Penske & Ganassi Struggle In Long Beach
But it’s Andretti Autosport driver Hunter-Reay that will start on the pole position in Sunday’s race that will feature a standing start for the first time since the final Champ Car Series race here in 2008, a race won by Will Power.
Hunter-Reay, the 2010 Toyota Grand Prix of Long Beach winner, put the DHL Dallara/Honda on the pole at the very end of the Fast Six with a lap at 1:07.821 (104.462 miles per hour) around the 11-turn, 1.968-mile temporary street course.
That knocked Andretti teammate James Hinchcliffe off the pole after he ran a fast time of 1:07.9403 (104.280 mph) in another Honda. Three-time Long Beach winner Sebastien Bourdais was the fastest Chevrolet driver with a lap at 1:07.9680 (104.253 mph) followed by Honda driver Josef Newgarden’s 1:08.0097 (104.173 mph). Rookie Jack Hawksworth was fifth at 1:08.0525 (104.108 mph) in another Honda with Honda driver Simon Pagenaud rounding out the Fast Six at 1:08.0732 (104.076 mph).
It was an extremely tight qualification session with the Fast Six separated by just two-tenths of a second. And five of the Fast Six were Honda drivers – giving that car manufacturer a sense of pride to do that in race sponsored by long-time rival Toyota.
Although the historic Power Teams didn’t make the Fast Six, that doesn’t mean they won’t be factors in Sunday’s race
“I’ve seen Will Power win this race from like 12th,” Hinchcliffe said. “We’ve all seen what can happen in these races. They’re very long, especially with the new pit close rule under yellow. That can get a guy up real quick. So it’s definitely bizarre to not see them up there. But at the same time, we know they’re going to be strong in the race.”
Pagenaud believes it’s a byproduct of the modern style of IndyCar racing.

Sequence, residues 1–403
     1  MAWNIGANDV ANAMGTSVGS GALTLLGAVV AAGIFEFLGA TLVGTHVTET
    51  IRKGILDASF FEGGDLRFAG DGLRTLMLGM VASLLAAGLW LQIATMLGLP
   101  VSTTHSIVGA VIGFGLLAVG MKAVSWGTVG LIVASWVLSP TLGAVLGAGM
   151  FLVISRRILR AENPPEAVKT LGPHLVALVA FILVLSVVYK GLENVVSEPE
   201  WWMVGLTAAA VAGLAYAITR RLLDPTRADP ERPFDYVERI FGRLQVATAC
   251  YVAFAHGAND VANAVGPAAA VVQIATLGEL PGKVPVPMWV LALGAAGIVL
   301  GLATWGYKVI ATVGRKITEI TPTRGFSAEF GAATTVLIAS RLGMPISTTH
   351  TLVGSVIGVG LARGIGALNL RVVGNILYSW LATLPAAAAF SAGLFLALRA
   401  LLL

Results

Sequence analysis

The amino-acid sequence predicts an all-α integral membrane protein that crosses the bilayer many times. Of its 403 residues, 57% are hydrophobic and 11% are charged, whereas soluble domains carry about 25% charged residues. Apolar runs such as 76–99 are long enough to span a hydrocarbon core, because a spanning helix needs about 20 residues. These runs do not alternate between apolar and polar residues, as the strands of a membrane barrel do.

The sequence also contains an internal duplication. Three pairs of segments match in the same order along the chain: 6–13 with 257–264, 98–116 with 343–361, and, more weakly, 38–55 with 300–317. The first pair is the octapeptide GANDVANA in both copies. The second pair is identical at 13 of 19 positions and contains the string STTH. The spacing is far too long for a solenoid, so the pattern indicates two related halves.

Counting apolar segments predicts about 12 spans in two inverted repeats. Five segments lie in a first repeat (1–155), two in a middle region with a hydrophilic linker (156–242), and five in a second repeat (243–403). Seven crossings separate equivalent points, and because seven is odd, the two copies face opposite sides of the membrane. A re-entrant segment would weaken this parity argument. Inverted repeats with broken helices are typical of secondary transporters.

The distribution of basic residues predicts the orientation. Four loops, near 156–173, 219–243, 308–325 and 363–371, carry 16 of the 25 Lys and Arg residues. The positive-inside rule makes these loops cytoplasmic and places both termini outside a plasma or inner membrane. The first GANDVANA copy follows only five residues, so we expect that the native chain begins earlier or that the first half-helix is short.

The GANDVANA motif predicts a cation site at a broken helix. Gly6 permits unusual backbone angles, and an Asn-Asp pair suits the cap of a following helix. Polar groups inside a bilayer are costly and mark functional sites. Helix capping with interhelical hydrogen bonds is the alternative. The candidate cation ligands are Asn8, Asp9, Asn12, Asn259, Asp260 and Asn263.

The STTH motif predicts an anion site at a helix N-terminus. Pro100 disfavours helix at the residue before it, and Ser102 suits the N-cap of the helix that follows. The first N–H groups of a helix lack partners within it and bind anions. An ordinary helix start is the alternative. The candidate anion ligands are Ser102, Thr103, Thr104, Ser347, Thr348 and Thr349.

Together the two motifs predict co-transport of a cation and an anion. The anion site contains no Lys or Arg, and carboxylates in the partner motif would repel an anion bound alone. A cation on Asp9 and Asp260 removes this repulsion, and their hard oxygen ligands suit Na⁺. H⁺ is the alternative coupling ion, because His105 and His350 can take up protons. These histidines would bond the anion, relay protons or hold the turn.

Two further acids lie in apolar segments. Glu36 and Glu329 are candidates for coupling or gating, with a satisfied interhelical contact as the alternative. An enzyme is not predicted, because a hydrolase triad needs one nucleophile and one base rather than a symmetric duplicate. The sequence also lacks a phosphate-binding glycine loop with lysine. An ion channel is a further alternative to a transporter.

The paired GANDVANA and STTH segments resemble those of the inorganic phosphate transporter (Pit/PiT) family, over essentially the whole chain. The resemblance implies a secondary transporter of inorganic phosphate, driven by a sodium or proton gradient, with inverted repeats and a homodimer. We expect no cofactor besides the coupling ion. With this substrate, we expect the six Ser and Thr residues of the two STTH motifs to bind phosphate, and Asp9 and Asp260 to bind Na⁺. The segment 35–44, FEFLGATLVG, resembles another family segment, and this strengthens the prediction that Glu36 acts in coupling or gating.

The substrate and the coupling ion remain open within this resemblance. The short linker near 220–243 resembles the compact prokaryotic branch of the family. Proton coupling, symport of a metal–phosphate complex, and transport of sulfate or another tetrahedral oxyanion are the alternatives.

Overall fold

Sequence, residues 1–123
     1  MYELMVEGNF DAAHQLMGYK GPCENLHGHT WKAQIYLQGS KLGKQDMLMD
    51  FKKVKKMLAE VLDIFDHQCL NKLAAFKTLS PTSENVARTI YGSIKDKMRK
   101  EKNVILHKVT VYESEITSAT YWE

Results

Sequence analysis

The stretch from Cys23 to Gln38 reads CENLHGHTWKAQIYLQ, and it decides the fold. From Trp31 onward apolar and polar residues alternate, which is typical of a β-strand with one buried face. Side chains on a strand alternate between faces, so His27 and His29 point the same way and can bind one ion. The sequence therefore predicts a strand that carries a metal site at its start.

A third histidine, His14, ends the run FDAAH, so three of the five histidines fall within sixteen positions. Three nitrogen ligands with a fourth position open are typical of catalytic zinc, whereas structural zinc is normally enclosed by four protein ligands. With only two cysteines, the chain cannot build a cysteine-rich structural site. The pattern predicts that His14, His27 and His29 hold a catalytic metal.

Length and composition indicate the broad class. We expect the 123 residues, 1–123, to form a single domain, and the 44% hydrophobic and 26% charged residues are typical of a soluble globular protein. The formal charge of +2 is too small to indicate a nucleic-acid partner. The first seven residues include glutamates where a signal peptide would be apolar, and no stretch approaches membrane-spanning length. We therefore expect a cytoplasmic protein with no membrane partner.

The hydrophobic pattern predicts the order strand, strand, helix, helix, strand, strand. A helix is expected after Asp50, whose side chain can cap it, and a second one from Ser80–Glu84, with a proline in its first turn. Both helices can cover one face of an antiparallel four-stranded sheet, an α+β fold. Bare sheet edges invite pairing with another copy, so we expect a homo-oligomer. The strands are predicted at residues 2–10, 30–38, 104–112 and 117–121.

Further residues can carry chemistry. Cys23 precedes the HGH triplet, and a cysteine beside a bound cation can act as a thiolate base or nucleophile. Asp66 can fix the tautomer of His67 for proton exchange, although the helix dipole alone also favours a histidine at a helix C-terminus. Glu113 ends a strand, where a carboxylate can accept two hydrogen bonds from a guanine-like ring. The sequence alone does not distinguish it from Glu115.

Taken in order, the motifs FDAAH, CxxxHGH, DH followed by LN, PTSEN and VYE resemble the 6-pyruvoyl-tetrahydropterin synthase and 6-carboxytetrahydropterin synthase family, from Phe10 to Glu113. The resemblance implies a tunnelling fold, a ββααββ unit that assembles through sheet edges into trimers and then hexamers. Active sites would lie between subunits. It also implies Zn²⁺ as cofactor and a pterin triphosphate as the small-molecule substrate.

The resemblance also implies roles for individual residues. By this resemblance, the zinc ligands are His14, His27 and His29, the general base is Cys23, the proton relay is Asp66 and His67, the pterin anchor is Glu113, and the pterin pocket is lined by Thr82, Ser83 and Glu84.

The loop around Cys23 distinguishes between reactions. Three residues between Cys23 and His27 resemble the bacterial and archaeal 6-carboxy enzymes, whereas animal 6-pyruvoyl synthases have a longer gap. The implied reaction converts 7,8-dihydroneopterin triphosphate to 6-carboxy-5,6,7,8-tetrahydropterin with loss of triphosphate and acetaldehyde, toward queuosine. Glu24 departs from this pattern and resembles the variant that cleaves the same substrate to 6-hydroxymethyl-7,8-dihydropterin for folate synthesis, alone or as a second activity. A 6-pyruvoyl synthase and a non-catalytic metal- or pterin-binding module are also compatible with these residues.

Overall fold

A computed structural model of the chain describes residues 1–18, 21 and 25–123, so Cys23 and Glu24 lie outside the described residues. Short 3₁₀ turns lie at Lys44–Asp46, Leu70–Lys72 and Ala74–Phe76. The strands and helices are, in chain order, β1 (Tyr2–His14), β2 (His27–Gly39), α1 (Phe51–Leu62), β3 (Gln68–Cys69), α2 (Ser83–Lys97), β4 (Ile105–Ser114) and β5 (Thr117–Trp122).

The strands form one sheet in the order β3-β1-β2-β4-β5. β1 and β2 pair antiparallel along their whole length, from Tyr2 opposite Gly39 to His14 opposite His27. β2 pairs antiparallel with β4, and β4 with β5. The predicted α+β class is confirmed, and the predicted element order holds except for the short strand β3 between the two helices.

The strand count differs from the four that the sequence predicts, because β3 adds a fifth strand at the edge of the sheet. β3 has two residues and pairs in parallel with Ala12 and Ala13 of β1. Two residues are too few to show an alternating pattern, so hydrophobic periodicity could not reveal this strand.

“I think it’s very tight,” Pagenaud said. “The competition is really high. If you look at the lap time at the end of the Fast Six between P2 and P6 is only a 10th of a second. So you can only imagine a 10th of a second driving a car at this speed how detailed you have to be at your driving like Sebastien was saying. It’s just super competitive. And really I think it’s the best drivers all around in IndyCar.
The pole winner, however, believes that with a combined seven drivers between the two teams at Team Penske and Ganassi Racing it is rare when none of them were able to advance into the Fast Six.
“That’s very unusual,” Hunter-Reay said. “I don’t even know when the last time that happened is. But I guarantee it was a pretty long time ago. That just shows you right now the series is so tight; a tenth of a second here, half tenth there is such an impact on the outcome of your qualifying session.
“If you just lock a brake here or there or miss a curve by a couple inches it could mean the difference between advancing on to the Fast Six or staying in.”
The signature moment in Hunter-Reay’s career was winning the 2012 IndyCar Series champions. But the signature race victory of his career was the 2010 win in the Toyota Grand Prix of Long Beach.
“Absolutely – I had the opportunity of a lifetime at hand with Andretti,” Hunter-Reay said. “It was the third race into the season. We didn’t know if we’d have the sponsorship to continue on. All the IZOD folks were here. My mom passing just a little bit before that, and this was her favorite race. So to put it all together was a career defining moment. It was a personal moment. I’ve had so much history here. My wife and I met here. We got engaged here. It’s definitely a special event.
“There is no event like it. This is definitely the template for road and street courses.”